Sei sulla pagina 1di 10

MIT Microphotonics Center Industry Consortium

Microphotonics:
Hardware for the Information Age

Executive Overview

2005 by The Microphotonics Center at MIT. All rights reserved.

MIT Microphotonics Center

Executive Overview

CTR Acknowledgements
Executive Overview Lionel Kimerling
Herb Bennett, Charles Fine, Jack Fisher, Erica Fuchs, Sharon Gillett, Dominic Goodwill,
Hermann Haus, Jerry Hausman, Randy Heyler, Sarah Kaplan, Andjelka Kelic, Randolph
Kirchain, Bruce Kirk, Frederick Leonberger, Karen Liu, Dominic OBrien, Mike OMahony,
Rob Phaal, Rajeev Ram, Bob Schaller, Michael Speerschneider, Jeffrey Swift,
Yiwen Emily Zhang

Vision Christopher Weaver, Fred Welsh

Current State of the Industry Michael Schabel


Elizabeth Bruce, Richard Clayton, Erica Fuchs, Dominic Goodwill, Jerry Hausman, Sarah
Kaplan, Andjelka Kelic, Lionel Kimerling, Randolph Kirchain, Frank Levinson, Karen Liu,
Alan Lyons, Dominic OBrien, Michael Speerschneider, Alice White, Art Wilson

Next Generation Transceivers Dominic OBrien, Michael Schabel


Arvind Baglia, Jerry Bautista, Al Benzoni, Hank Blauvelt, Elizabeth Bruce, Richard Clayton,
David Cleary, Larry Coldren, Robert Craven, Mike Decelle, Louay Eldada, Geoff Fanning,
Charles Fine, Clifton Fonstad, Dominic Goodwill, Giorgio Grasso, Robert Hadaway, Yuji
Hamasaki, Peter Hankin, Martin Haueis, Jerry Hausman, Randy Heyler, Gloria Hofler,
Waguih Ishak, Jeffrey Kash, Andjelka Kelic, Lionel Kimerling, Elisabeth Marley Koontz,
Frank Levinson, Karen Liu, Gillian McColgan, Yasunori Murakami, Sanjay Patel, Jan
Peeters Weem, Erik Pennings, John Petrilla, Paul Polishuk, Rajeev Ram, Sabbir Rangwala,
Frank Shi, Terry Smith, Michael Speerschneider, Jeffrey Swift, Scott Trask, Jean Trewhella,
Eddie Tsumura, Hongsheng Wang, Alice White, Art Wilson, Daniel Wilt, John Yasaitis,
Eberhard Zeeb

Silicon Optoelectonics Jerry Bautista, Michael Morse, Jeffrey Swift


Hank Blauvelt, Elizabeth Bruce, Katherine Butler, Luca Dal Negro, Shrenik Deliwala,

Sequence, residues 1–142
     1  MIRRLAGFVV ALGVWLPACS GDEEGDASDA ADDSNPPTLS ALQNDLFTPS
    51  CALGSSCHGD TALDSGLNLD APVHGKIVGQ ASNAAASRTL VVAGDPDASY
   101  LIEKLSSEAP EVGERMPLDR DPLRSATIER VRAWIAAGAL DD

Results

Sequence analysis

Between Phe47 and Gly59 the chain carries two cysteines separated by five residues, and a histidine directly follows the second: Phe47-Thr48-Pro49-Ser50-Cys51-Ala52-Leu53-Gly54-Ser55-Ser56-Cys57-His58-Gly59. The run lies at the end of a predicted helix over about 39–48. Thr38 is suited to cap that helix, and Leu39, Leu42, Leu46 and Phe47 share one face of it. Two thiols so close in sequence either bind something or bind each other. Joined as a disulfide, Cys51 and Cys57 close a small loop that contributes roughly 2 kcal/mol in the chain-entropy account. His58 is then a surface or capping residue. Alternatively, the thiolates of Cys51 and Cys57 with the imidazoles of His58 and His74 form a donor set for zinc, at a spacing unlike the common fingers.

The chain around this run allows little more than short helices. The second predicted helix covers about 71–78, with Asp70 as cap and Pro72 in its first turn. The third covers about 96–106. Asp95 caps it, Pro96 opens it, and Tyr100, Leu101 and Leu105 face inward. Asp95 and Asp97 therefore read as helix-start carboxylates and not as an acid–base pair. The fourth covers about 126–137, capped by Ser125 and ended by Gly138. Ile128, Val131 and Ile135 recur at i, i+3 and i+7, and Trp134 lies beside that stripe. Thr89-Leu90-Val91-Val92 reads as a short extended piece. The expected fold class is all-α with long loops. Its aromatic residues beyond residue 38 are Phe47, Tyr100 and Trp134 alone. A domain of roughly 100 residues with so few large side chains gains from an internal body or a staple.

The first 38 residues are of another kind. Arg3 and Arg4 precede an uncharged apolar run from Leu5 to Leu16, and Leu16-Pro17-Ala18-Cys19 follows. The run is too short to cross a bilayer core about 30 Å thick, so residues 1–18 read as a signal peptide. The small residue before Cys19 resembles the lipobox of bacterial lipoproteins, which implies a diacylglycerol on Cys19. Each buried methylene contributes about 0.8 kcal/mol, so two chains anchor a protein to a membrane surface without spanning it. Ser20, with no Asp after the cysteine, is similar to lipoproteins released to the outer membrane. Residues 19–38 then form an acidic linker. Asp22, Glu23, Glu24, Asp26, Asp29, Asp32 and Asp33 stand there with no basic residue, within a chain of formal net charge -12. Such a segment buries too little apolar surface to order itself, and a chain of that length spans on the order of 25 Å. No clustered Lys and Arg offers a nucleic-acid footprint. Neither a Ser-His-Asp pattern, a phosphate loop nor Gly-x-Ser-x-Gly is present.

Eugene Fitzgerald, Clifton Fonstad, Fuwan Gan, Robert Hadaway, John Hryniewicz, Jeffrey
Kash, Franz Kaertner, Lionel Kimerling, Kevin Lee, Brian Lemoff, Brent Little, Frederick
Leonberger, Roger Merel, Jurgen Michel, Ed Murphy, Rajeev Ram, Edward Sargent, Joseph
Shmulovich, Luciano Socci, Harry Tuller, Alice White, Richard Williamson, Bill Wilson,
John Yasaitis, Yiwen Emily Zhang

2005 Communications Technology Roadmap


Microphotonics: Hardware for the Information Age

Page 2 of 10

MIT Microphotonics Center

Executive Overview

Integration in III-V Materials Richard Clayton, Thomas Dudley


Bruno Acklin, John Bowers, Elizabeth Bruce, Vladimir Bulovic, Larry Coldren, Bharat
Dave, Dominic Goodwill, Gang He, Alan Huelsman, Sarah Kaplan, Len Ketelsen, Lionel
Kimerling, Martin Muendel, Ed Murphy, Erik Pennings, Gopal Raghavan, Rajeev Ram,
Aileen Sansone, Joseph Shmulovich, Tetsuya Suemitsu, Jeffrey Swift, Jeffrey Walker,
Hongsheng Wang, David Welch, John Yasaitis, Yiwen Emily Zhang

Organics in Optoelectronics Louay Eldada


Marc Baldo, Elizabeth Bruce, Vladimir Bulovic, Richard Clayton, David Eaton, Harold
Fetterman, Lionel Kimerling, Robert Norwood, Rajeev Ram, Marcelo van de Kamp,
Chuck Xu

Conclusion Lionel Kimerling, Randy Kirchain

Staff Jonathan Bartels, Mindy Baughman, Mark Beals, Elizabeth Bruce, Deborah Houben,
George Kenney, Lionel Kimerling, Tamarleigh Lippegrenfell, Trisha Montalbo,
Frances Page

2005 Communications Technology Roadmap


Microphotonics: Hardware for the Information Age

Page 3 of 10

MIT Microphotonics Center

Executive Overview

CTR Sponsors
Analog Devices